The passage of American metaphysical thinking from Calvinism to New Thought took a circuitous route that began with sober orthodoxy and worked its way through a fashion spread of newly found sciences before turning sympathetically to the appeal of a dogma-free religion as conceived by Swedenborg and temporized by Emerson. Out of their inspiration emerged a school of thinking whose gifted teachers constructed an idealistic philosophy of free spirits searching for a pluralistic community of cooperating minds. Some of these teachers taught a science of mind using the empirical reality of the self to achieve personal and collective growth. For others, it was the more antiquated concept of the soul that asserted itself. In both, however, there was the acceptance of belief, however derived, as the basis for action. In this sense, New Thought became an expression of tolerance, of imagination, and of contentment with life, including its many paradoxes. Having fused together the faith of the seventeenth century, the reason of the eighteenth, and the feeling of the nineteenth, New Thought broke into the twentieth century with what one might call a genuine “Americanism”—a worship of the practical over the theoretical, of self-sufficiency over self-surrender, of instant over delayed gratification, and cash value as the measure of personal success.

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Table of Contents

Foreword vii

Acknowledgements xiii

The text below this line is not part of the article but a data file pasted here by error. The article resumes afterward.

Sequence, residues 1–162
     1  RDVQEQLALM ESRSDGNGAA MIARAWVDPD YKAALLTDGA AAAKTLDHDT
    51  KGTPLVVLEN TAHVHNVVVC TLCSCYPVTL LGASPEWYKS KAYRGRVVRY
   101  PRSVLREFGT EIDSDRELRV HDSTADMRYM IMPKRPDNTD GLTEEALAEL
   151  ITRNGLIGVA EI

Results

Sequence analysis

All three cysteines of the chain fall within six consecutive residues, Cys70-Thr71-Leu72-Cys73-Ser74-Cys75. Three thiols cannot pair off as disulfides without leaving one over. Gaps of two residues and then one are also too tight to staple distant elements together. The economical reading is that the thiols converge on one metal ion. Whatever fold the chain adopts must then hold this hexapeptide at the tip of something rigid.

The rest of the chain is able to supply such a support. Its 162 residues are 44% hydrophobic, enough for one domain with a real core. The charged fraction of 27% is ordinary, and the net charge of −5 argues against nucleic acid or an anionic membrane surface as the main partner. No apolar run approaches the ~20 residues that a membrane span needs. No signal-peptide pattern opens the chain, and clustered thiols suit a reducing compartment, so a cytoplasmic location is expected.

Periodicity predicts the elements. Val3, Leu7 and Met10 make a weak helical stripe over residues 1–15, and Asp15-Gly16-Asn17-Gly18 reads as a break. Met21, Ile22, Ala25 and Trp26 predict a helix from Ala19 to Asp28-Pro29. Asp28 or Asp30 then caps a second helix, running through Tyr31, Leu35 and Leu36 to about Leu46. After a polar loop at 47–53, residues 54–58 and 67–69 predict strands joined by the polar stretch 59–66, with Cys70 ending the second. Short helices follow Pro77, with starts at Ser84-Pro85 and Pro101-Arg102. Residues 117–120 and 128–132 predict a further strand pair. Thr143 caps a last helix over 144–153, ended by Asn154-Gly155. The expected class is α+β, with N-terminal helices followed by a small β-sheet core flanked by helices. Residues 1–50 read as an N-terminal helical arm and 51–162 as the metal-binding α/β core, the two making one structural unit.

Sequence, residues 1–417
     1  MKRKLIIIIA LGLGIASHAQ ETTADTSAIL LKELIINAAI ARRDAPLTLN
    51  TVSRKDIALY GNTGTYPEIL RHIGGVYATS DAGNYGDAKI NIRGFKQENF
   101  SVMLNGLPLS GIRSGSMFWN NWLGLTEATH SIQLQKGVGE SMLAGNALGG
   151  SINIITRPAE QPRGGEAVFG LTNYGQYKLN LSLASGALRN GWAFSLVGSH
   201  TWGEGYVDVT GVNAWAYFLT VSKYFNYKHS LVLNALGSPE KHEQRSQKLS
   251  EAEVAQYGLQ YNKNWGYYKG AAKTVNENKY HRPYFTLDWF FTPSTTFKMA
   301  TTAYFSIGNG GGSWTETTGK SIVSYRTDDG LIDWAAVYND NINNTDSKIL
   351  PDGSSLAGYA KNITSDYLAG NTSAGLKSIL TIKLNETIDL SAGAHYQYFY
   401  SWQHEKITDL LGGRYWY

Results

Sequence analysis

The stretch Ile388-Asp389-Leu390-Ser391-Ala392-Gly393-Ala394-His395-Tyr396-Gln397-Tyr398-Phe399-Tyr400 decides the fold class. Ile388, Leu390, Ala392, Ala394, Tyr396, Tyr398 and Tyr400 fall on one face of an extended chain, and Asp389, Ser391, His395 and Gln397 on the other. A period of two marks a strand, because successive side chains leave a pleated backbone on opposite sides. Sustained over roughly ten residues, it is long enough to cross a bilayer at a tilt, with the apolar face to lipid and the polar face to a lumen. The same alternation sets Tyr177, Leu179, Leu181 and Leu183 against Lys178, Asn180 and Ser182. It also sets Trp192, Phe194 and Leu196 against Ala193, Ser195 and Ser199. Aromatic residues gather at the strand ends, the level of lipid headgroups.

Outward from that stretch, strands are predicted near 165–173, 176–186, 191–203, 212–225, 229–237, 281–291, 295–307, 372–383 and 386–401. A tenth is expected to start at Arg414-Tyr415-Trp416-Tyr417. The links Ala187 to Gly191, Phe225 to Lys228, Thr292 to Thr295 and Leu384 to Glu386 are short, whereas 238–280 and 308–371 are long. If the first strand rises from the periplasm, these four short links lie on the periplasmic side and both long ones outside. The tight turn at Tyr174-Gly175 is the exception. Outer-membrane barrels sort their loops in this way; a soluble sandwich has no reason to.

Introduction 3

Chapter 1 New Beginnings 18

Chapter 2 Christ Science 44

Chapter 3 Competing Sciences 65

Chapter 4 Metropolitan Religions 97

Chapter 5 The Psychologies of Healthy-Mindedness 123

Chapter 6 Evolutions Divine Plan 159

Chapter 7 The Marketplace of Healing 190

Chapter 8 The Prophet Margin 214

Chapter 9 Dream Weavers and Money Changers 243

Chapter 10 A Retrospective 274

Appendix A New Thought Denominations, Centers, and Institutes 283

Appendix B Sampling of New Thought Authors 287

Notes 291

Bibliography 325

Index 373

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Sort by: Showing 1 Customer Reviews
  • Anonymous

    Posted March 9, 2013

    The history of New Thought from Swedenborg, Emerson, Quimby, Mar

    The history of New Thought from Swedenborg, Emerson, Quimby, Mary Baker Eddy, William James, Norman Vincent Peale, and others right down to Eckhart Tolle, Oprah Winfrey and Deepak Chopra. The author sees New Thought as a vibrant and wonderfully American contribution to religion but regrets its disdain for its own history. He finds theologian Matthew Fox to be part of the movement but doesn't say why, except that he's a mystic and a syncretist. He discusses Seicho no Ie but not other Japanese-based religions; it would be interesting to consider whether Soka Gakkai and Soka Gakkai International fall within this orbit.

    1 out of 1 people found this review helpful.